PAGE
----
Oral microbiota and oral cancer: Review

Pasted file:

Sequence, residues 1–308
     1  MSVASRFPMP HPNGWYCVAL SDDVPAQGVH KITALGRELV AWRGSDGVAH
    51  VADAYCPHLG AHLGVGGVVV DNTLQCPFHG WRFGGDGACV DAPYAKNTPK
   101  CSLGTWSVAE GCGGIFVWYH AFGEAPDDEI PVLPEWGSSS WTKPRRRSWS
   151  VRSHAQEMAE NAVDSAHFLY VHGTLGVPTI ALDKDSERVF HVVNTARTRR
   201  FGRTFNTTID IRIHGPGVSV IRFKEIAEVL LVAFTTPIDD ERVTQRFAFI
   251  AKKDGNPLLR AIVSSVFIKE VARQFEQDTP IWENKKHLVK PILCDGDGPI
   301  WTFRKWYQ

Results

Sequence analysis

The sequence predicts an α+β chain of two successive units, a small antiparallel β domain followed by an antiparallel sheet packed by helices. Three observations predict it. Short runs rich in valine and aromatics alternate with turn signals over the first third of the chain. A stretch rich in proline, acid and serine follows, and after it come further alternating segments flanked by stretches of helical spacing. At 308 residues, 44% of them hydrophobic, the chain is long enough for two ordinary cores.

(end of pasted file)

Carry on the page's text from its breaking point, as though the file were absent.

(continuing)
In this review, we draw attention and discuss the risk factors and causes of the development of oral squamous cell carcinoma (OSCC) focusing on oral microbiota. Recently, a breakthrough in the study of cancer has been the discovery of the relationship between the presence of certain types of bacteria and the development of cancer in the human body. Studies have shown that, Porphyromonas gingivalis (P. gingivalis) bacteria that is responsible for the destructive processes in the oral cavity, could play an important role in the development of OSCC. In our continuing search for bacteria that causes oral squamous cell carcinoma, we came across the Pseudomona aeruginosa, which due to its metabolite properties, may play important role in carcinogenesis of oral cancer. One possible mechanism is the ability of Pseudomonas to synthesize nitric oxide (NO) that modulates different cancer-related appearances such as apoptosis, cell cycle, angiogenesis, invasion, and metastasis. We think that P. aeruginosa increases the concentration of NO by converting salivary nitrite to nitric oxide, and this is how it contributes to NO-related carcinogenesis. Early diagnosis and treatment of periodontitis are very important not only for patients’ oral health, but also for the prevention of OSCC development. Screening test for OSCC based on determination of salivary NO levels could be appealing and may prove to be useful assay for diagnosis and early detection of disease progression in oral cancer.
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